Some confusion occurred when the Centers for Disease Control and Prevention (CDC) released the 2002 guidelines "recommending alcohol-based gel as a suitable alternative to hand washing for health-care personnel in health-care settings.” Many healthcare workers must routinely clean their hands multiple times per hour while moving between patients. The use of alcohol gels by staff has been shown to favorably impact hand-cleansing adherence due to time saved over traditional hand washing methods. However, the guidelines apply only to hospitals and clinics. These are not appropriate for and do NOT apply to those people working in foodservice settings or with the general public. The primary reason is that the types and levels of soil on the hands are quite different between these different settings.

In a food service setting, fecal bacteria and enteric viruses, such as Norovirus, are more of a concern. Food workers often have wet hands and hands contaminated with food high in proteins and/or fatty materials. Food proteins and fatty materials can significantly reduce the effectiveness of an alcohol gel. Therefore, soap, friction, and running water still remain the most effective way to remove the types of pathogens food workers might encounter. The FDA Model Food Code Rules and Regulations make the provision that hand sanitizers may be used by food workers in addition to, but not in place of proper hand washing. Because hand sanitizers are considered to be a food additive, only products approved by the FDA may be used.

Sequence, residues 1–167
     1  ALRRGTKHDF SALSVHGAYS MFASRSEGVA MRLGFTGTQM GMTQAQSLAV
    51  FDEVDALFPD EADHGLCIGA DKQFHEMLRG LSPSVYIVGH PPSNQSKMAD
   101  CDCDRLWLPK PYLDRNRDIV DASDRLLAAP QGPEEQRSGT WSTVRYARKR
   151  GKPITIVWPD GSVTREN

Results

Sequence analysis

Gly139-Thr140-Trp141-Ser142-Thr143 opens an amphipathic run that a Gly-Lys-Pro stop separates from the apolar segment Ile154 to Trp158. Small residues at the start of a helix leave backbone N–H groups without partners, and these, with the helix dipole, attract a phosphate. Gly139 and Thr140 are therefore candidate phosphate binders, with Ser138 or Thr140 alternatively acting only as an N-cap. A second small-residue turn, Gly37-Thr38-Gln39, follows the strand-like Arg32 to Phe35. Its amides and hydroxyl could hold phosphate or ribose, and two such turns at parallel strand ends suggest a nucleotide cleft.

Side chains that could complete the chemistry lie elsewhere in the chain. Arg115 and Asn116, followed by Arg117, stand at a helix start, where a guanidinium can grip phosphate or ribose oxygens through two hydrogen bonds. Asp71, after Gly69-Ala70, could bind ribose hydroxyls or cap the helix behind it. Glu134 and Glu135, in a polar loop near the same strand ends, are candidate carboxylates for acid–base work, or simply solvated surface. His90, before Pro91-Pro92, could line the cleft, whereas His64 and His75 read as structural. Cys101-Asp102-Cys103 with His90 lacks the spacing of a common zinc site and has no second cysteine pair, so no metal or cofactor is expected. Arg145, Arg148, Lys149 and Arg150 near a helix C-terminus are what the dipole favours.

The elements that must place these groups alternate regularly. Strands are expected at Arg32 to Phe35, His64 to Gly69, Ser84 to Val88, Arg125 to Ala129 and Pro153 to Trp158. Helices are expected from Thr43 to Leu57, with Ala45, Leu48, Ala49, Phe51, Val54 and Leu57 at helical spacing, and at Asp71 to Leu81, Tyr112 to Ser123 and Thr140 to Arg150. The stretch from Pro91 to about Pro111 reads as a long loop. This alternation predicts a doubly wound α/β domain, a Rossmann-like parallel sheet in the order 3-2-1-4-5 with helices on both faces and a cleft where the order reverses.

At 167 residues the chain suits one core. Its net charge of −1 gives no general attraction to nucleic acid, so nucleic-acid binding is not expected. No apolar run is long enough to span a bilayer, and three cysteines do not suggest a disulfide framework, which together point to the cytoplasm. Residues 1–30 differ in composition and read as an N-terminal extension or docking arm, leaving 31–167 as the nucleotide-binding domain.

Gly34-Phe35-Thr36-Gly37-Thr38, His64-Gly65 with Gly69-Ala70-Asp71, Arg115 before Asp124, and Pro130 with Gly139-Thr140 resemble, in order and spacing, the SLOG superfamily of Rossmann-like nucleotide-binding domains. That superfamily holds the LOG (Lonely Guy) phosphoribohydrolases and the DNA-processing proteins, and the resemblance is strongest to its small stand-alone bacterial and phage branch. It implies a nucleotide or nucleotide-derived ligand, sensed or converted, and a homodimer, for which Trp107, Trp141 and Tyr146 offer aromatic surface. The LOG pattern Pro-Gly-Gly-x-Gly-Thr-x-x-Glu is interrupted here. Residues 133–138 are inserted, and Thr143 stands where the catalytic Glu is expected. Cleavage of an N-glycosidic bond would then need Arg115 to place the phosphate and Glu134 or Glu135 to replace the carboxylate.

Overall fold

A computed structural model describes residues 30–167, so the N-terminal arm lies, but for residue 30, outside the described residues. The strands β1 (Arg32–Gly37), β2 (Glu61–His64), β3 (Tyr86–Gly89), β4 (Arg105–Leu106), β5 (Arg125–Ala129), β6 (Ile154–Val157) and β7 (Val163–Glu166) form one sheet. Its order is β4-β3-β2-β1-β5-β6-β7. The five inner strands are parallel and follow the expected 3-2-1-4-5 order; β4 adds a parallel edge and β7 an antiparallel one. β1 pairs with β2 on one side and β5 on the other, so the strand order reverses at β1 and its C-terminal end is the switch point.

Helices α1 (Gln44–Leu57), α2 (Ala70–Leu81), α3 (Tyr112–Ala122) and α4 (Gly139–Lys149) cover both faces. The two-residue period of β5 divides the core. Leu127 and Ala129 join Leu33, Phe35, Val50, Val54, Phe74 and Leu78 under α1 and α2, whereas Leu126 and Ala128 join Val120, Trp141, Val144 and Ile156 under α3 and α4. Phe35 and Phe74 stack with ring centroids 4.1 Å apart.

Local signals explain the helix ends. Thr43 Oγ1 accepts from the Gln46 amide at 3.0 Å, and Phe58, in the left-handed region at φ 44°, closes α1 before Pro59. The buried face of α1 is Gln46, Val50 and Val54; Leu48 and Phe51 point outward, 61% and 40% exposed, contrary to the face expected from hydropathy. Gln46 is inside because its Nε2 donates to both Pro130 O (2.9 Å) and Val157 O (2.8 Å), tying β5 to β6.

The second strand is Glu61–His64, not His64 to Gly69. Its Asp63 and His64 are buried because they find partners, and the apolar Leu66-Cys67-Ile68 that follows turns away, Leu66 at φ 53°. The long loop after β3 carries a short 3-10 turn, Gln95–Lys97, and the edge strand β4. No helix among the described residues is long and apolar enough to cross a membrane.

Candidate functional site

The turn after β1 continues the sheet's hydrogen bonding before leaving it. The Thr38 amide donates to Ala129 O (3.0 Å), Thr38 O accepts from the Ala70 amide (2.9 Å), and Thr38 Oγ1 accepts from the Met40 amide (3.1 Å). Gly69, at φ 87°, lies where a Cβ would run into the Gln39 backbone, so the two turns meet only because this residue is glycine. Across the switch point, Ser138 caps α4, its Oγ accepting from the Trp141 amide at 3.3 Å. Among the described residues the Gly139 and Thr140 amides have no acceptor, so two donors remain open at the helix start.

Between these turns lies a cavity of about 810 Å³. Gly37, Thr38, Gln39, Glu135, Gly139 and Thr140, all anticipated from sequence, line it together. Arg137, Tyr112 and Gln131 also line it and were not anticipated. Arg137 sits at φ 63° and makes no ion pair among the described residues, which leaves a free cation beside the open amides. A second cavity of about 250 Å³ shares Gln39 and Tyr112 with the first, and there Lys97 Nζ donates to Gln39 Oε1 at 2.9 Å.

Hand washing guidelines for healthcare workers should not be confused with recommendations for food workers or the general public. For everyone, washing hands with soap and water is sufficient and is still a must. For the general public at home, plain soap and water is adequate for most consumer uses. Dr. Elaine Larson recommends taking the extra precaution of using an alcohol gel or antibacterial soap only in situations such as:

coming in close physical contact with persons at high risk for infection (such as newborns, the very old, or immunosuppressed);
having direct physical contact with someone with an upper respiratory infection, skin infection, or diarrhea; and working in settings where infectious diseases are commonly transmitted, such as food preparation, and/or crowded living areas (child-care centers, preschools, prisons, or chronic-care residences).